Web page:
The soybean credit originated several decades ago, when planting and nitrogen rates were considerably lower than at present. Soybeans are legumes. They nodulate and therefore fix atmospheric nitrogen, but are more apt to use soil resources when available. Mulvaney maintains that with today’s production systems, soybeans vary widely in their net effect on soil nitrogen availability, which was found to be negative when the ISNT value was high.

Need for Improved Soil Sampling

Although corn roots grow to a depth of seven feet, nutrient needs are often assessed by sampling only the upper seven inches of soil. "And fertilizer is seldom applied below this depth," Mulvaney said. "So I worry that we are depleting the subsoil, where the crop really needs the fertility, while we concentrate fertilizer where the crop doesn’t benefit from it as much -- especially in a dry year. I suspect we have to recalibrate soil tests to the most effective sampling depth -- whatever that is."

Gary Beaumont | EurekAlert!
Further information:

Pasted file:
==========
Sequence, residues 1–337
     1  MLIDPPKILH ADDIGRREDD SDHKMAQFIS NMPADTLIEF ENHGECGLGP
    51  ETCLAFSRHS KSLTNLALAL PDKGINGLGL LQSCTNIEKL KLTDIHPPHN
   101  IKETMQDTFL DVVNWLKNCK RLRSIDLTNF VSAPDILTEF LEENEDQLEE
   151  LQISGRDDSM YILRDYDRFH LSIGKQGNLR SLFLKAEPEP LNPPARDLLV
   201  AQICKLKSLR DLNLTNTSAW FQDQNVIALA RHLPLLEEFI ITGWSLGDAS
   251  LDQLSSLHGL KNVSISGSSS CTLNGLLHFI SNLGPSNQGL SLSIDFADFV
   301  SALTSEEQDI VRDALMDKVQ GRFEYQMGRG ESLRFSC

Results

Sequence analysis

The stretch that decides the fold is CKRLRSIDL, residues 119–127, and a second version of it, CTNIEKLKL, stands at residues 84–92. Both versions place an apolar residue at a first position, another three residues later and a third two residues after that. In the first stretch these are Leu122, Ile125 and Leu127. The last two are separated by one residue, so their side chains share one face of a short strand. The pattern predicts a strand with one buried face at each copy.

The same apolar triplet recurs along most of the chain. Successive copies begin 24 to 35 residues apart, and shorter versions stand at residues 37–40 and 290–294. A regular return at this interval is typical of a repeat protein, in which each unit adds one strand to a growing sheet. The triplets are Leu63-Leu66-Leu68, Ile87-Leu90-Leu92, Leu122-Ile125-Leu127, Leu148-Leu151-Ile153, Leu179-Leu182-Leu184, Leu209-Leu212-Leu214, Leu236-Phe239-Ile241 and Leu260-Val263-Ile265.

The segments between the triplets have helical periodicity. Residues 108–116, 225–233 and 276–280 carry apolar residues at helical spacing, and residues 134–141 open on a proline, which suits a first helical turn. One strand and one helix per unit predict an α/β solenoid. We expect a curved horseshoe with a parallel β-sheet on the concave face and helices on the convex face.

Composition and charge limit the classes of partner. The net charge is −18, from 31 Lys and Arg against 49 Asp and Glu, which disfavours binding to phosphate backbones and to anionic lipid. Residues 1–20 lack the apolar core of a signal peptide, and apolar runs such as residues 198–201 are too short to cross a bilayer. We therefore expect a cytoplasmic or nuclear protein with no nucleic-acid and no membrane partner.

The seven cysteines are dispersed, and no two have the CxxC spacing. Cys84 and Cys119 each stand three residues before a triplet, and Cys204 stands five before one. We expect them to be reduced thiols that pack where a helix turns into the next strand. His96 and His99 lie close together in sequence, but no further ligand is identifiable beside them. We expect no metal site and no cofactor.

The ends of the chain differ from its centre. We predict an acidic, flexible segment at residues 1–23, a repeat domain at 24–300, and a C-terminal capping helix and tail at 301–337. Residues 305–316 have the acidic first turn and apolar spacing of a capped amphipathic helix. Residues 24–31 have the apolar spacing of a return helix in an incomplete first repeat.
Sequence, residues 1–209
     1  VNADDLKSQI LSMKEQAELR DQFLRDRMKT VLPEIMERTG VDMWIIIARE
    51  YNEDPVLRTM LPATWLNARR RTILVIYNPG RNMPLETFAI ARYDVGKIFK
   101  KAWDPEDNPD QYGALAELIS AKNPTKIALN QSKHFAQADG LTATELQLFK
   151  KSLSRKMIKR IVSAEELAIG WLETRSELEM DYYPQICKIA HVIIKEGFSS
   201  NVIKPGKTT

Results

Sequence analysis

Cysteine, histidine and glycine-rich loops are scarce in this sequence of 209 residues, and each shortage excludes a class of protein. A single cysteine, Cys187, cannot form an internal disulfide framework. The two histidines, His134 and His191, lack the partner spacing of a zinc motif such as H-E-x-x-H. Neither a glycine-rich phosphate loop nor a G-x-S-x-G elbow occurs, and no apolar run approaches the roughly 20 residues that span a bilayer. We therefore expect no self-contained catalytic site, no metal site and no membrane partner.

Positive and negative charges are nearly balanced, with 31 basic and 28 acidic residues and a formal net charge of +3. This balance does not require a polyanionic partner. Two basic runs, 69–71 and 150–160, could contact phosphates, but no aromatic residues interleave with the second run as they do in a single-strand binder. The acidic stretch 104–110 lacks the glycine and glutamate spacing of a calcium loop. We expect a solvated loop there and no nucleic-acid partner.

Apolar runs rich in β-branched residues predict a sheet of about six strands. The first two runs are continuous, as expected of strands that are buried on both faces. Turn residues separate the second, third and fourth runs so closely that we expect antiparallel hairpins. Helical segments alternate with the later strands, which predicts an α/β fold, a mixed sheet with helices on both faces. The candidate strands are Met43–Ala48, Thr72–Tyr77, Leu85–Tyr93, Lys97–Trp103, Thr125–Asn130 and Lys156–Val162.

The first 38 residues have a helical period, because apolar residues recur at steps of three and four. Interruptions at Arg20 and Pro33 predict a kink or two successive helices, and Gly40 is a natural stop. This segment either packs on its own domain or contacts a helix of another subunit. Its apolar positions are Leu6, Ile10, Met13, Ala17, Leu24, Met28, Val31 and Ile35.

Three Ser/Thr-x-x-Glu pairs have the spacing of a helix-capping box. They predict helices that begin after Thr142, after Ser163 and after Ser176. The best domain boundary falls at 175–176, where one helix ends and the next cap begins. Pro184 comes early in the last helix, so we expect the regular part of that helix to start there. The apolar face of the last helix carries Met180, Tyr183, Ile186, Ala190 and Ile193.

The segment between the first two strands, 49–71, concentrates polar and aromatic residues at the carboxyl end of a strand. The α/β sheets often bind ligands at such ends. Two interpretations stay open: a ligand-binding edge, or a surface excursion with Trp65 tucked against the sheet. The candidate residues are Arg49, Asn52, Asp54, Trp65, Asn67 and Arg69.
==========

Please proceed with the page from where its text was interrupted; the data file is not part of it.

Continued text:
http://www.uiuc.edu
http://www.aminosugarntest.com

More articles from Agricultural and Forestry Science:

nachricht Alkaline soil, sensible sensor
03.08.2017 | American Society of Agronomy

nachricht New 3-D model predicts best planting practices for farmers
26.06.2017 | Carl R. Woese Institute for Genomic Biology, University of Illinois at Urbana-Champaign

All articles from Agricultural and Forestry Science >>>

The most recent press releases about innovation >>>

Die letzten 5 Focus-News des innovations-reports im Überblick:

Im Focus: Fizzy soda water could be key to clean manufacture of flat wonder material: Graphene

Whether you call it effervescent, fizzy, or sparkling, carbonated water is making a comeback as a beverage. Aside from quenching thirst, researchers at the University of Illinois at Urbana-Champaign have discovered a new use for these "bubbly" concoctions that will have major impact on the manufacturer of the world's thinnest, flattest, and one most useful materials -- graphene.

As graphene's popularity grows as an advanced "wonder" material, the speed and quality at which it can be manufactured will be paramount. With that in mind,...

Im Focus: Exotic quantum states made from light: Physicists create optical “wells” for a super-photon

Physicists at the University of Bonn have managed to create optical hollows and more complex patterns into which the light of a Bose-Einstein condensate flows. The creation of such highly low-loss structures for light is a prerequisite for complex light circuits, such as for quantum information processing for a new generation of computers. The researchers are now presenting their results in the journal Nature Photonics.